Hospital re-admissions

Medicare has imposed payments cut to hospitals with high re-admission rates by the implementation of the Hospital Readmission Reduction Program (HRRP). Then, we have seen a drop in the re-admission rate in the USA. The same phenomenon was observed in Canada where no equivalent of HRRP was found.

A cohort study of more than 3 million adults admitted for heart failure treating patients from 2005 through 2015 has shown a 30-day re-admission rate in both country US (21.2% to 18.5%) compared to Canada (19.7% to 17.6%) was almost similar. This observation was made by Finlay McAllister MD and colleagues of the University of Alberta in Edmonton.

Years before the HHRP changes (2012), there were no difference in the re-admission rate in both country as reported in the JAMA Cardiology. The length of stay went down marginally in Canada 7.5 to 7.3 days) while it remains stable in the United States at 4.9 days. Benefits with the HRRP program on the re-admission rate were modest. More, a false impression that the financial penalties may have overshadowed the implementation of the program.

Money was withheld from hospitals showing a higher than expected re-admission rate in the goals to achieve better outcomes especially on heart failure patients or patients admitted with a diagnosis of pneumonia or myocardial infarcts. A drop in the re-admission rate for these conditions was recorded in many studies linking the HHRP to a higher mortality rate.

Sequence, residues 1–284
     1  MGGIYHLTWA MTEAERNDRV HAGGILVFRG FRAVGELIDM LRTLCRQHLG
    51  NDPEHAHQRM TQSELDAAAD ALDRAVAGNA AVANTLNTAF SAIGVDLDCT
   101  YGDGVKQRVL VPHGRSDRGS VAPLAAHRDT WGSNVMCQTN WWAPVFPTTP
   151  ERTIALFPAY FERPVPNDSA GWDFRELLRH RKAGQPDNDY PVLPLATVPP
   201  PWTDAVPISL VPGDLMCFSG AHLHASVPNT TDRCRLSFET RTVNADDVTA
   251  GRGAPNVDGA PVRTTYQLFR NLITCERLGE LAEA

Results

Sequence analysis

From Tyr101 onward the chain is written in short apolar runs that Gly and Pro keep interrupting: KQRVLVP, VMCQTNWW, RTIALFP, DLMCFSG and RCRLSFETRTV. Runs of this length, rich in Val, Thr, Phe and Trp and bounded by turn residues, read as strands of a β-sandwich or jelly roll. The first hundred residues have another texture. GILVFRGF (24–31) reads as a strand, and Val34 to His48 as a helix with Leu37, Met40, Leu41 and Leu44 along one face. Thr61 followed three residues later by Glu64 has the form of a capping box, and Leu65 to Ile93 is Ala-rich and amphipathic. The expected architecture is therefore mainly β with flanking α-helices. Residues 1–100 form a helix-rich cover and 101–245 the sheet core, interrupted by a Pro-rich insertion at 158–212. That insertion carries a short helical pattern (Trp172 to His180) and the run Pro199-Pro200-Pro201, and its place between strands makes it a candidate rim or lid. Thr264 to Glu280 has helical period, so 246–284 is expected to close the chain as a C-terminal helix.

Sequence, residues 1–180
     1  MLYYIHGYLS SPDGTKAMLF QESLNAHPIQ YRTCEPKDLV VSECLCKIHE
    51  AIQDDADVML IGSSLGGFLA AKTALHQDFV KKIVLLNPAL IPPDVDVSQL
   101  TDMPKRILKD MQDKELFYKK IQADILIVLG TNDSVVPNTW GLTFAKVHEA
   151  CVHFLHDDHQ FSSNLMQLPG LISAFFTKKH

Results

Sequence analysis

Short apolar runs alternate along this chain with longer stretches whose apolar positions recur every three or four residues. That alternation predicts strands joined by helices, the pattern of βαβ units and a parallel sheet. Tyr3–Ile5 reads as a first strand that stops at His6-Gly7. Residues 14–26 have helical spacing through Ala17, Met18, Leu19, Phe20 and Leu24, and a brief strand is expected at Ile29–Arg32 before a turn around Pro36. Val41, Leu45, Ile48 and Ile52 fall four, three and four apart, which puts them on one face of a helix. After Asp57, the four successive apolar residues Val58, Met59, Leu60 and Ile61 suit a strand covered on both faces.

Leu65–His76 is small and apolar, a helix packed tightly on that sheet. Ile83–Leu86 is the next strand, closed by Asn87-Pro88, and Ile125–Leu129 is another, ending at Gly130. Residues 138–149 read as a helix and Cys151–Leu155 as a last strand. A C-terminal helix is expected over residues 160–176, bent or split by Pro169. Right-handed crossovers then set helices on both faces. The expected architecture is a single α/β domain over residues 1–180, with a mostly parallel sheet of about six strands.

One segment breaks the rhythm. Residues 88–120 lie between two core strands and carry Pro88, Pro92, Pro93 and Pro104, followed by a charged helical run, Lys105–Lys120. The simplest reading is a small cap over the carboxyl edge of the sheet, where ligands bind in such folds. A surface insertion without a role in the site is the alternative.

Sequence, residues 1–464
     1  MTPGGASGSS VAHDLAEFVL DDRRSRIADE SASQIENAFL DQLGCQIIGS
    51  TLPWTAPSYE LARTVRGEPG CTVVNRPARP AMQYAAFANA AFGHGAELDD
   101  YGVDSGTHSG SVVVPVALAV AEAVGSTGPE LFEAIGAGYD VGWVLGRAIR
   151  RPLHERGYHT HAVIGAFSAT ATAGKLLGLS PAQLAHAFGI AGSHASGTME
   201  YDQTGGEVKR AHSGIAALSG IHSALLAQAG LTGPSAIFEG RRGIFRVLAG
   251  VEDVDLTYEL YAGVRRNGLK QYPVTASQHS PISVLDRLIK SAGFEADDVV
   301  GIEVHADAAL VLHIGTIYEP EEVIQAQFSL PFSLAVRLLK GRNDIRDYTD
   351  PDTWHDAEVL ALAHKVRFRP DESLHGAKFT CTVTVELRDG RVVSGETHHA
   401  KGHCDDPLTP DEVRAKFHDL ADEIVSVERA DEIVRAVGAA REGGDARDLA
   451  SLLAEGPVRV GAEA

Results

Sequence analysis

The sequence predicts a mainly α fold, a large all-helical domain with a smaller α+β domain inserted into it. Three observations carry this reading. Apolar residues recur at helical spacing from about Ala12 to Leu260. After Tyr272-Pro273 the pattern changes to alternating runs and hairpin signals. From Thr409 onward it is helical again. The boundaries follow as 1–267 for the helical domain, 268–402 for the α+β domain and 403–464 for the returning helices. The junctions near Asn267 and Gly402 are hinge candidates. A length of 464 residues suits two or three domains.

Medicare patients in the USA and patients from the Canadian Health Institute were used for this study but unfortunately, the out-of-hospital deaths were not recorded, bringing restrictions on the outcomes of the study. Others concluded that this study may have not bought any benefit at all to the management of such patients in the United States and Canada but on the contrary, changes in clinical practice may have been responsible.

There may be some pharmacological and non-pharmacological factors as well, which have contributed to the improvements notably a greater use of the electronic health records, better approaches to caring for patient with heart failure etc. in both countries while physicians may have enhanced their ability to care for such patients. All have also contributed to the drop in the re-admission rate. We believe that all physicians practicing should understand the rationale in admission vs re-admission rate and compare such in their practice. The importance of the Primary Care Physician or the Family Practice Physician is in this process is primordial.

McAllister study was supported by the National Heart, Lung and Blood Institute grant as well as the Alberta Health Services Chair in Cardiovascular Outcomes.

Maxime Coles MD


1-    Samsky MD et al “Trends in re-admissions and length of stay for patients hospitalized with heart failure in Canada and the United States” JAMA Cardiology2019.

2-    JHA AK: “What re-admissions rate in Canada tell us about the Hospital Re-Admission Reduction Program. JAMA Cardiology (2019)

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